Rule Versus Discretion: Regulatory Uncertainty, Firm Investment, and Bureaucratic Organization

35 Pages Posted: 6 Jan 2015 Last revised: 7 Mar 2016

See all articles by Pablo Montagnes

Pablo Montagnes

University of Chicago - Harris School of Public Policy

Stephane Wolton

London School of Economics & Political Science (LSE) - Department of Government

Date Written: March 5, 2016

Abstract

As markets evolve, new regulatory concerns emerge. In response, policymakers institute new requirements for private businesses. Because they impose costs and generate uncertainty, these requirements may deter firm investment. To reduce regulatory uncertainty and favor investment, a principal can choose a rule-based regulatory framework. However, unlike discretion, rules do not adapt to circumstances and are thus inefficient. Using a micro-funded model, we uncover circumstances under which the ex-ante certainty provided by a rule dominates the ex-post efficiency provided by delegation to an unbiased agent. We also establish when delegating to a biased agent is optimal for a policy-maker. Our main results highlight that the anticipated economic responses of firms can indirectly influence the organization of the bureaucracy. As such, any attempt to evaluate firms' direct influence in the rule-making process -- through lobbying or information disclosure -- needs to account for the indirect effects we identify when determining the proper counter-factual.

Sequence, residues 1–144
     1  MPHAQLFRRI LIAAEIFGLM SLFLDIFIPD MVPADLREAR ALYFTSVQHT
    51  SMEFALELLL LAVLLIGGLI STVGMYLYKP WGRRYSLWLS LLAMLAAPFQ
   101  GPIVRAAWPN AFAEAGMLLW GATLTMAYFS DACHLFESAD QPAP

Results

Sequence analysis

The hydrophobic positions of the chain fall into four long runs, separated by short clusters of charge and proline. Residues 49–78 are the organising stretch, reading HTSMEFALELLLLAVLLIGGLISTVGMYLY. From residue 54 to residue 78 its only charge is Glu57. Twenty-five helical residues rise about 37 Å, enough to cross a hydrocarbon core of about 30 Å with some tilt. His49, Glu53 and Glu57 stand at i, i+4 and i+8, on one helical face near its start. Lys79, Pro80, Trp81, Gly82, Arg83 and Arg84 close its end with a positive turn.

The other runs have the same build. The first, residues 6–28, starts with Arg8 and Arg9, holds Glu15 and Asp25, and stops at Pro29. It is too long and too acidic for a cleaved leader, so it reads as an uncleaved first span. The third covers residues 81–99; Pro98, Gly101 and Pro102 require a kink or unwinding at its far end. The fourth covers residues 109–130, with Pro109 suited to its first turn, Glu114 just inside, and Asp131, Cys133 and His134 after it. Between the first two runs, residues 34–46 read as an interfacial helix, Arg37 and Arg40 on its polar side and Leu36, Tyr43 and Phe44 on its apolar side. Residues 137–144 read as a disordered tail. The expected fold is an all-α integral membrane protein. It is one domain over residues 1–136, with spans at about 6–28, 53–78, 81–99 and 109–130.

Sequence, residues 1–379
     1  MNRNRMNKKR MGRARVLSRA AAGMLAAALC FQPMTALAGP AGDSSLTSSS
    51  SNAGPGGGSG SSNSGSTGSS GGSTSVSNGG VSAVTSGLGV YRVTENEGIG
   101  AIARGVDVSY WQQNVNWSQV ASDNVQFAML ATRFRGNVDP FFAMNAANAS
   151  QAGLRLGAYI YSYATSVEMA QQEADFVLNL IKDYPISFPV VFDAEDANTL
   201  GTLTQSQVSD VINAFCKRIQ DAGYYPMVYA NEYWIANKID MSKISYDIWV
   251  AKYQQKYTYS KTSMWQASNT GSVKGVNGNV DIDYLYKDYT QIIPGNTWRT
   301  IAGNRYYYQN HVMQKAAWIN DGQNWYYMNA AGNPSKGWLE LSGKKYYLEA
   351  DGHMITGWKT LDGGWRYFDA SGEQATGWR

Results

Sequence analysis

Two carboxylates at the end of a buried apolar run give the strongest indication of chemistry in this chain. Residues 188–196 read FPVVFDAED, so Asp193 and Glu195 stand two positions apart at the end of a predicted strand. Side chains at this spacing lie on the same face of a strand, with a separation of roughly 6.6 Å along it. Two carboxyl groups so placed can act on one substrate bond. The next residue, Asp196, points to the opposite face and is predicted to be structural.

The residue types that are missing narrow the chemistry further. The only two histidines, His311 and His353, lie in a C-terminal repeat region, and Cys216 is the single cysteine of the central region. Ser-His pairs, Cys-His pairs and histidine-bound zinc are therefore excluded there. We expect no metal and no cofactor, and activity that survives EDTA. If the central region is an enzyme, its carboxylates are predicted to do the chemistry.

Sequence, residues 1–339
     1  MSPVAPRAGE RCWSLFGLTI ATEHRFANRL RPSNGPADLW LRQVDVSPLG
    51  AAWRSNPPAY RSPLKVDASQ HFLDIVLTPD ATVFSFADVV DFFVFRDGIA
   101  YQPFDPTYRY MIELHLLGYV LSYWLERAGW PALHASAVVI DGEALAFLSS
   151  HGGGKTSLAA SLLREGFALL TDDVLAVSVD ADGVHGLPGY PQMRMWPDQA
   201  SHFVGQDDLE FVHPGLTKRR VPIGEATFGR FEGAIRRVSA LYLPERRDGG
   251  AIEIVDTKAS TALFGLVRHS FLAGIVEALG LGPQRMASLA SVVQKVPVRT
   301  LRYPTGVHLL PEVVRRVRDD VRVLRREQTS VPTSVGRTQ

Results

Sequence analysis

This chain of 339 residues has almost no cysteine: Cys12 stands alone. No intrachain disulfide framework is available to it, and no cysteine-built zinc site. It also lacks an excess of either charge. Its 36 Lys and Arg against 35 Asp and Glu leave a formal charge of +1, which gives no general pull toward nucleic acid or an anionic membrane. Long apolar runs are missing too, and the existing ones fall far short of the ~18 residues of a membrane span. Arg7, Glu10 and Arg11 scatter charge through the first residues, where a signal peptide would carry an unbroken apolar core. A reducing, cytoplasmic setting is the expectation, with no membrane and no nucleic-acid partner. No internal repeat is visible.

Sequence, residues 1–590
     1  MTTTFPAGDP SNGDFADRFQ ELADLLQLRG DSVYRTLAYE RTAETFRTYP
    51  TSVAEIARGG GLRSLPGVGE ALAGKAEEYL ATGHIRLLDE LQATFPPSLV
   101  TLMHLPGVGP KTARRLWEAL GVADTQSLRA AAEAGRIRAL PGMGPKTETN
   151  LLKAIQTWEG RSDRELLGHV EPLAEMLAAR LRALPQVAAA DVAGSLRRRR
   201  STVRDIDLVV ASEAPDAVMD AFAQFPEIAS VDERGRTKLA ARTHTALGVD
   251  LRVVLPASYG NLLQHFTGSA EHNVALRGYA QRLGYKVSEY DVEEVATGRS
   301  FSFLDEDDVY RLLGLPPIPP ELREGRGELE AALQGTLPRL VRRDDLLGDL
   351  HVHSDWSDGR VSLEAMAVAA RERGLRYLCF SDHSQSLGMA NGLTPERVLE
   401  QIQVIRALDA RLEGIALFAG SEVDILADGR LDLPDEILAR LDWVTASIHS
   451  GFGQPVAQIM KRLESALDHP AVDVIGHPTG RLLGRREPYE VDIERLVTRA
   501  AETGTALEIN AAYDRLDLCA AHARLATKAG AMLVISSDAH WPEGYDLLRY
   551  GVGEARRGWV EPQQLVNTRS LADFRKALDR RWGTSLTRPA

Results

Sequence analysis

Keywords: Bureaucracy, Bureaucratic Organization, Regulatory Uncertainty, Rule, Discretion

JEL Classification: D70, D73

Suggested Citation

Montagnes, Pablo and Wolton, Stephane, Rule Versus Discretion: Regulatory Uncertainty, Firm Investment, and Bureaucratic Organization (March 5, 2016). Available at SSRN: https://ssrn.com/abstract=2545277 or http://dx.doi.org/10.2139/ssrn.2545277

Pablo Montagnes

University of Chicago - Harris School of Public Policy ( email )

1155 East 60th Street
Chicago, IL 60637
United States

Stephane Wolton (Contact Author)

London School of Economics & Political Science (LSE) - Department of Government ( email )

Houghton Street
London, WC2A 2AE
United Kingdom

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